Tag Archives: Marc Herbst

Calm Before the Storm: Gearing Up For 2010/2011

31 Aug
Q&A is an irregular series on SOTA which will pose a question to a small group of faculty, staff or students from different campuses and compile their responses. If you would like to respond to the question, please do so in the comments section of this post or email ucirasota@gmail.com. Thanks to Ken Ehrlich, Marc Herbst, Peter Krapp, Brett Stalbaum, and Fred Lonidier for their responses. “Calm Before the Storm” is the 3rd installment of Q & A:
Q: Recently on Remaking the University blog Michael Meranze (UCLA) reflected on the summer and the upcoming school year: “This year crucial issues about the organization of University life and work, about the relationships between the campuses, the intersection between UC and the larger Higher Education system, about pensions, staff layoffs, and student fees are going to confront us all. This summer may have been quiet—but in all likelihood it is the calm before the storm.” SOTA wants to know what challenges do people need to be preparing for, thinking about as the school year begins? What is on your mind?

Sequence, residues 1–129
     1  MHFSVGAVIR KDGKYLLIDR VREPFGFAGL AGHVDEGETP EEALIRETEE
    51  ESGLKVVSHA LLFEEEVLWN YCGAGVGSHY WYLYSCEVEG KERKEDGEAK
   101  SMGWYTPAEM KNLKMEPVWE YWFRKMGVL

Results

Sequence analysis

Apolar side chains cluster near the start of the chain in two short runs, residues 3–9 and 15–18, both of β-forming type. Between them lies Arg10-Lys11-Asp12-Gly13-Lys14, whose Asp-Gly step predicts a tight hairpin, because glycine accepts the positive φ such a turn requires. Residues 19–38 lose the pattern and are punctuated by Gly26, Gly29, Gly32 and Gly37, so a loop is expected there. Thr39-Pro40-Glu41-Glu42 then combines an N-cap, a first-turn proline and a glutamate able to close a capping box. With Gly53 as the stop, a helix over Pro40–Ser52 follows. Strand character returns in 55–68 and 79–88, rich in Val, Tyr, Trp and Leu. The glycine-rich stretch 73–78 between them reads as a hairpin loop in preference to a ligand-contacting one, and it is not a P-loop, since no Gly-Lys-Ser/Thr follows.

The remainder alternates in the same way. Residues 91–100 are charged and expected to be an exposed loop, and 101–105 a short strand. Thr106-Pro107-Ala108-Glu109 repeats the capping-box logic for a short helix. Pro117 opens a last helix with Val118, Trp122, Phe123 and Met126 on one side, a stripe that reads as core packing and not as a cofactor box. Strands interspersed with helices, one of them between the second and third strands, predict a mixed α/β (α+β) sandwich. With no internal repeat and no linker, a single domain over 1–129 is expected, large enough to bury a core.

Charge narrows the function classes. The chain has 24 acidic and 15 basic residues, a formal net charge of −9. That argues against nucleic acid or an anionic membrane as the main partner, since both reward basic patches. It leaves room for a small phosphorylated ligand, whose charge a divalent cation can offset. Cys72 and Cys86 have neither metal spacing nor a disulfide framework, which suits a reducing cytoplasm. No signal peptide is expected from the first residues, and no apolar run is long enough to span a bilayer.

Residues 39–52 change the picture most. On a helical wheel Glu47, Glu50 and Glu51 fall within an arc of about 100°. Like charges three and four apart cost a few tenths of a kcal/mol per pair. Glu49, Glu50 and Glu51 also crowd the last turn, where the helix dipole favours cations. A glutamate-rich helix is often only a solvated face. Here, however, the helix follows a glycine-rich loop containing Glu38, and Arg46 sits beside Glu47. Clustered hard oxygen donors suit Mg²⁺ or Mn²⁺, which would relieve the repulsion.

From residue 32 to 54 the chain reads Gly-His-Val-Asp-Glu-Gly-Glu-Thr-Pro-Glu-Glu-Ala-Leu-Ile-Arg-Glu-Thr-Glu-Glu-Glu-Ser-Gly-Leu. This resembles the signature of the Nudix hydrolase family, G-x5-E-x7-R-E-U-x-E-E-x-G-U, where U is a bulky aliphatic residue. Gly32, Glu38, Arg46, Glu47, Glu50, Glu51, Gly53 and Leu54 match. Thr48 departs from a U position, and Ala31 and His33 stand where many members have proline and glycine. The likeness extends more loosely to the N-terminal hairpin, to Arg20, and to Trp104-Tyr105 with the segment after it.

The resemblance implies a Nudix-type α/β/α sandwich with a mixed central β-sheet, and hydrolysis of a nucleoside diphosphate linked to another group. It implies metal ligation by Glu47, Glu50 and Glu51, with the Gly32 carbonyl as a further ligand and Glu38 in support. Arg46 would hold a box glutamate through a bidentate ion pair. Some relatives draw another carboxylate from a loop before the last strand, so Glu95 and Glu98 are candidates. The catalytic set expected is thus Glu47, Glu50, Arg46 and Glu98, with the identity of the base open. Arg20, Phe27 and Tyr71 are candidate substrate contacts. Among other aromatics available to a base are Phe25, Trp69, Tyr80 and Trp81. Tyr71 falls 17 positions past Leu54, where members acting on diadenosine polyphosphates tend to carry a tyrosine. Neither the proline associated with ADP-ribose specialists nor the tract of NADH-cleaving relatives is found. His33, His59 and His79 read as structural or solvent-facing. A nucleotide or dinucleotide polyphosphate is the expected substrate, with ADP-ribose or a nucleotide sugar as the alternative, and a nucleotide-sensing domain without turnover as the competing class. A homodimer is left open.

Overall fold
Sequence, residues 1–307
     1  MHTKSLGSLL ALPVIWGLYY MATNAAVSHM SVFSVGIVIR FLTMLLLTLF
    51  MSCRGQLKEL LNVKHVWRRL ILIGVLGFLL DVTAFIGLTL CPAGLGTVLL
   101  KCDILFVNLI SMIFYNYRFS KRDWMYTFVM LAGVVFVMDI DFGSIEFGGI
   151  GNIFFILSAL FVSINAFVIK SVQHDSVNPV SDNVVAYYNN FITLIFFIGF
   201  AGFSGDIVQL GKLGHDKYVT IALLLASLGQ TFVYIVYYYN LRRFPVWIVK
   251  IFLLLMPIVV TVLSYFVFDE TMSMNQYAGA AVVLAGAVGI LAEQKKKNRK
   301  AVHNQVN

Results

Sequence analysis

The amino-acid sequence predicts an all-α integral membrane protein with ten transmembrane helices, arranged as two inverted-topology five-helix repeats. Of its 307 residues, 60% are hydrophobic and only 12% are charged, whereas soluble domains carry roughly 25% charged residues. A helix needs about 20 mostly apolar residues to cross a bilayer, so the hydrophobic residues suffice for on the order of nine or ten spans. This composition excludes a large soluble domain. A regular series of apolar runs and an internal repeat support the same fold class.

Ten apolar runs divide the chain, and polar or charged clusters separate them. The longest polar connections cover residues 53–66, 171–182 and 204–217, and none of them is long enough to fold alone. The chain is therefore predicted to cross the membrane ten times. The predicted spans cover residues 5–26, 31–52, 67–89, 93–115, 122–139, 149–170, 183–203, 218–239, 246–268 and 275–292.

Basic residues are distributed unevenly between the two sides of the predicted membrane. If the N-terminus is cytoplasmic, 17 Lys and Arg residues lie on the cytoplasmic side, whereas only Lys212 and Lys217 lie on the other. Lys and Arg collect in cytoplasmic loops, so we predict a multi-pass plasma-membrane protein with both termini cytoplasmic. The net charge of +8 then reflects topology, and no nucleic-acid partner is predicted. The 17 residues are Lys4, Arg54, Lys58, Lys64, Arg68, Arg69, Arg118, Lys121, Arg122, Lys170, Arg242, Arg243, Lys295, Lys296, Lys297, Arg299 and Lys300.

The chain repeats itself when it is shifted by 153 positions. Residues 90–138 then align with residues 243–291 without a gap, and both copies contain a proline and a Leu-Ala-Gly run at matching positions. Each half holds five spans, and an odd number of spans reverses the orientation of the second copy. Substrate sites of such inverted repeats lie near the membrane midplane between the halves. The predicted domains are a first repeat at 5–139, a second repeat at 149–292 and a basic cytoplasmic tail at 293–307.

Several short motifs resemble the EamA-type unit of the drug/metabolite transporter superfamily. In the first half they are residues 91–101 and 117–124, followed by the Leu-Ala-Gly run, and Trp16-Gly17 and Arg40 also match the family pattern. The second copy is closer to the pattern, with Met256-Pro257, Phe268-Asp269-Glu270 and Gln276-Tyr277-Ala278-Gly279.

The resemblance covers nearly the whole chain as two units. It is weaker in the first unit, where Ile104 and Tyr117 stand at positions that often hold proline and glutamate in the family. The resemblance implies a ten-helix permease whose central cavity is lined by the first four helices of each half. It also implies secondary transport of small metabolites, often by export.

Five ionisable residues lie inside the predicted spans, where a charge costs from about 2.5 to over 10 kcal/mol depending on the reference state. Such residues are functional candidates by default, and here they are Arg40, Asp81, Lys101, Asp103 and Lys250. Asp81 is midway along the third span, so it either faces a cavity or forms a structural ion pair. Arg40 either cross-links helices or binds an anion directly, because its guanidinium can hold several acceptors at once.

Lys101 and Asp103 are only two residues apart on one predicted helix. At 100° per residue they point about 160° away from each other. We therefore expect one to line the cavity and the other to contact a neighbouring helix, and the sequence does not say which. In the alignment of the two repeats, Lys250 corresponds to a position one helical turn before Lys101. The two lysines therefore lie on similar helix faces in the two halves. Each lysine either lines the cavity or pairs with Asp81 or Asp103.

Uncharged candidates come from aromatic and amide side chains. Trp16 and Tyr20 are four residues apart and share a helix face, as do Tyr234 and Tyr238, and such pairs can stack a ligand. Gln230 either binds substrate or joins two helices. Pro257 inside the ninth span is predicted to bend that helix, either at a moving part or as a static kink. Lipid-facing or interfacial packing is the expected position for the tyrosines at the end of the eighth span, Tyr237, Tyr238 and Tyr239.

A: Ken Ehrlich (UCR – Lecturer, Art Department) – The seeds of non-cooperation have been planted. Students I’m speaking with are organizing a massive outreach campaign to refuse to pay further fee increases. They understand that such an action would only work if significant numbers of students were willing to face the consequences of non-cooperation. Faculty members on several campuses have also been mulling over active refusal of certain restrictions that limit the productive pursuit of research and instruction. One concrete proposal put forth that seems to be gaining support is actively opening classes to the un-enrolled so long as it does not disrupt the learning environment. The contest over the meaning of “public” education is far from over. It seems clear that both faculty and students refuse to make demands on an administration whose priorities lie not with education but with efficiency and further marginalization. Students, in particular, are shifting from protest to action. Continue reading
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